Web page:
Editor’s Note: A final say

Karen Savoy / Sputnik Photography
A person writing in a notebook.

Another school year comes to a close. The rain washes away the snow and greens the grass. You hear birds chirping outside your window, back from their trip down south, and the sun beams on your cheeks. Final exams and deadlines for term-long projects we’ve all been putting off are finally here. But as you begin to unwind from the stressful and busy year, it’s easy to wander off in your own bubble.

Instead, I urge you to stay connected, and not just with your friends, family and peers.

Overseas in Gaza, Al-Shifa hospital was known as the largest medical complex and central hospital in the area. Just a few days ago, Israeli forces destroyed the whole building in a two-week raid and left it in ruins. The Israeli military reported that 6,200 people sought shelter in the hospital, including multiple severely wounded patients being treated, as it was one of the few places left in northern Gaza with some access to water and electricity.

The director of the Gaza media office, Ismail Al-Thawabta, said Israeli forces murdered 400 Palestinians, including doctors, in and around the hospital. Gruesome photos have been circulating the internet showing mutilated and bulldozed dead bodies. [SA1] 

“This is a crime against humanity,” Al-Thawabta told CBC reporters.

An Israeli military spokesperson said the hospital was a major operating centre by Hamas and Islamic Jihad groups using underground tunnels, but doctors and Hamas deny any armed presence in the complex as well as other health facilities. News outlets like CNN visited the tunnels but couldn’t determine if they were being used as a command centre by Hamas. [SA2] 

Back in Toronto, protests erupted and at a recent demonstration over the weekend, multiple people were arrested then let go unconditionally. Attendees say police brutality took place. The incident started when the police charged a driver with stunt driving after some people were in the bed of his truck while it was in motion, which violates the Highway Traffic Act. The driver initially resisted and that’s when the situation became messy.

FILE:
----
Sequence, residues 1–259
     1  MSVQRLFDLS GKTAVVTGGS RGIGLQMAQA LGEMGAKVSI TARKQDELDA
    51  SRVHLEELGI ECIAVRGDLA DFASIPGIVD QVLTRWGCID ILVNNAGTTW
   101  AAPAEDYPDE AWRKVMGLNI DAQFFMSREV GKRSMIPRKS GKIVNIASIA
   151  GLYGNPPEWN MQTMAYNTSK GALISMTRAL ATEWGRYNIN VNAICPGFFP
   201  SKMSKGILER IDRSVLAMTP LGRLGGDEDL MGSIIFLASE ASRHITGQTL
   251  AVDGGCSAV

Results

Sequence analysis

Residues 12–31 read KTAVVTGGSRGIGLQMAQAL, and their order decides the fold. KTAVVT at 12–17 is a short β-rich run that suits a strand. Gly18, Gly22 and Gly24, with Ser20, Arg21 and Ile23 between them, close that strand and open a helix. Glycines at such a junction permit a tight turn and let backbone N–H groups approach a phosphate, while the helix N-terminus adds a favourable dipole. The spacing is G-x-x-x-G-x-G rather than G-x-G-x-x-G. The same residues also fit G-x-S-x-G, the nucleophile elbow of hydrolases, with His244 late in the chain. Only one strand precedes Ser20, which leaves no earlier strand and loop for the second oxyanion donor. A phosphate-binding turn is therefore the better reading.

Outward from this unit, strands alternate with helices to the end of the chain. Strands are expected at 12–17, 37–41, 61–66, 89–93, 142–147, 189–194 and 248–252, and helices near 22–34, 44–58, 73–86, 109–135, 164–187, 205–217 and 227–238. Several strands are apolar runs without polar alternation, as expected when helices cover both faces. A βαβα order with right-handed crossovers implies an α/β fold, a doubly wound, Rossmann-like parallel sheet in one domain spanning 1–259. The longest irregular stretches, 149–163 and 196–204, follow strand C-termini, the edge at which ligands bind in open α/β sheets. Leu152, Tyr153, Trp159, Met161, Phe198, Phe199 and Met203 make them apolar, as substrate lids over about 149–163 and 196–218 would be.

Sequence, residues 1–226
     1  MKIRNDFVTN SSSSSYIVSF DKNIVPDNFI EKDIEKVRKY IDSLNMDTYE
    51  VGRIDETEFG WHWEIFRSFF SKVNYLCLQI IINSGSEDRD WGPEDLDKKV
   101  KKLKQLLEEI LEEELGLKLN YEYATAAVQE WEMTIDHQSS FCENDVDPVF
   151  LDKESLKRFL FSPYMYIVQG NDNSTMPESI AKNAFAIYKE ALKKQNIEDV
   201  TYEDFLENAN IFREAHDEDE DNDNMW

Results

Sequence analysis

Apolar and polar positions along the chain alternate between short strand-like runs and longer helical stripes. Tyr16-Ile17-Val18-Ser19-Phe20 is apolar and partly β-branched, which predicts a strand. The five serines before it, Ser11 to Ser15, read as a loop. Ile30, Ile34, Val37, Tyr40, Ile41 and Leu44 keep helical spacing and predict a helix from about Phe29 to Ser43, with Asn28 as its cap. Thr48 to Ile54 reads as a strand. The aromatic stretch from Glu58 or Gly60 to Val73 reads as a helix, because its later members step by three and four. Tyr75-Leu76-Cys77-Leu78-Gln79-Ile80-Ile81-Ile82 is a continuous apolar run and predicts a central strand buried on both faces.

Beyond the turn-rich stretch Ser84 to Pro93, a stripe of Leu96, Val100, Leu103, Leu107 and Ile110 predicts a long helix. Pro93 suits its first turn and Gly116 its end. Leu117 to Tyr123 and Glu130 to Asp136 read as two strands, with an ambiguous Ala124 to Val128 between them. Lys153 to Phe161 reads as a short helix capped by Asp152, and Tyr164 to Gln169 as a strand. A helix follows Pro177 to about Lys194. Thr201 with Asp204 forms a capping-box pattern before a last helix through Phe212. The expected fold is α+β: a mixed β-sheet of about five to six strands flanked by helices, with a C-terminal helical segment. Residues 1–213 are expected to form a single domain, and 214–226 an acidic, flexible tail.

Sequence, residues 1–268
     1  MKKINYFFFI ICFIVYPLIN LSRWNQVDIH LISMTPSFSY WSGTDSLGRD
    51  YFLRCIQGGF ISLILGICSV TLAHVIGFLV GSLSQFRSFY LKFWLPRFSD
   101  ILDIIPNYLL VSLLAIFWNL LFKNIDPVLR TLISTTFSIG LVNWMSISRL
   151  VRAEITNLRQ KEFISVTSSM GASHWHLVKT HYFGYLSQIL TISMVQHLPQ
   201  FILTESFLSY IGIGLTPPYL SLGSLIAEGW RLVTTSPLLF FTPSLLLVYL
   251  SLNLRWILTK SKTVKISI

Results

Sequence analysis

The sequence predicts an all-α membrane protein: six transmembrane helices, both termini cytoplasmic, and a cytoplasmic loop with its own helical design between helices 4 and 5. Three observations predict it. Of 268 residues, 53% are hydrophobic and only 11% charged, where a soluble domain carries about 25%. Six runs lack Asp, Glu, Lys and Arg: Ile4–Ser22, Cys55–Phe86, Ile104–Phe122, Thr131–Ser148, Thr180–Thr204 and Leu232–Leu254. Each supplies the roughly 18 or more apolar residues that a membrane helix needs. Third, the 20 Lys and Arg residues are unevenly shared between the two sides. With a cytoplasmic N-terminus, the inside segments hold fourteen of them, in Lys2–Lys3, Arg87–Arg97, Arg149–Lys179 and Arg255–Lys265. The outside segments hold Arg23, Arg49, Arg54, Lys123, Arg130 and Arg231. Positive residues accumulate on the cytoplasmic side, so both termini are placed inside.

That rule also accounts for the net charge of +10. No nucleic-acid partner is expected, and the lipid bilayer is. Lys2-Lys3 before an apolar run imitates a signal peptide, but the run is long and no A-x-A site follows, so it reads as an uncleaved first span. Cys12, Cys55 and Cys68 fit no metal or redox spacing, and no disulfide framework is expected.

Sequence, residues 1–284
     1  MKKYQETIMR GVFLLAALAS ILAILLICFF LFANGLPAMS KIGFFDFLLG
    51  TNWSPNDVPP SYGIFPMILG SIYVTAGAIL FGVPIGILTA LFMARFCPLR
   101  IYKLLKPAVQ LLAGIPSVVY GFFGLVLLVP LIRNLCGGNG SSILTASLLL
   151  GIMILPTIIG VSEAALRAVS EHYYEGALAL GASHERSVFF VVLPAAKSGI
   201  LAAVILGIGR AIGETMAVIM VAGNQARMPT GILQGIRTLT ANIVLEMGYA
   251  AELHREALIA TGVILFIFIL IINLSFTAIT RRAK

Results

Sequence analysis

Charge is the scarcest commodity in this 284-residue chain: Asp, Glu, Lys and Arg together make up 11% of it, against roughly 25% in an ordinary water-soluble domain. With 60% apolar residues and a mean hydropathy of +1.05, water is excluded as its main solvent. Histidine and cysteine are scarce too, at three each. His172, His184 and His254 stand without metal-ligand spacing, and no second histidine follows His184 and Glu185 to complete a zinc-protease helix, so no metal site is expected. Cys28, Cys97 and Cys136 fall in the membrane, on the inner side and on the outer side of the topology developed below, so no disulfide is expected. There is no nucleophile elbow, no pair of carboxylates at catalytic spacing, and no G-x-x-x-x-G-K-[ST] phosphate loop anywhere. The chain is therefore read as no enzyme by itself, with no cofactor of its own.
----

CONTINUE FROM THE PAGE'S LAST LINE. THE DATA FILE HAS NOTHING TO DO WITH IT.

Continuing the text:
Salim Elewa, a person at the protest who was born in Gaza, said he was checking on a woman who was knocked over when police accused him of “swinging” at them. Elewa was beaten to the ground and when his hearing aid fell out of his ear due to the impact, he said an officer stepped on it and he felt them dig their knee into his stomach. Elewa was let go shortly after due to a lack of video evidence showing he attacked anyone in the first place.

When Elewa asked a police officer why he was turning his body camera off, he replied, “If I take off this uniform, I’ll beat the shit out of you.”

I’ve been told consistently throughout this year by family members to be careful with what I write about, to be cautious and to be indirect. If I must be direct, then I’m told not to be political or cause tension that could come back to bite me years down the line. But I am not an advocate or an activist — I am a journalist, and it’s my responsibility to report on what matters. Knowing what’s happening outside of your personal comfort zone is essential. Sharing the right facts is important. And the lives of people who are not actually too different from you or me are valuable, even if others make it seem like otherwise.

On a last note, I would like to thank everyone who takes the time to read, appreciate and enjoy the work our phenomenal team of writers, photographers and creatives put together to publish over the past eight months. The incredible support we receive is what keeps our student newspaper thriving.

Good luck with finals, have a lovely summer and to all the aspiring journalists out there — don’t put your pen down.

This article was originally published in print Volume 23, Issue 8 on Thursday, April 4.

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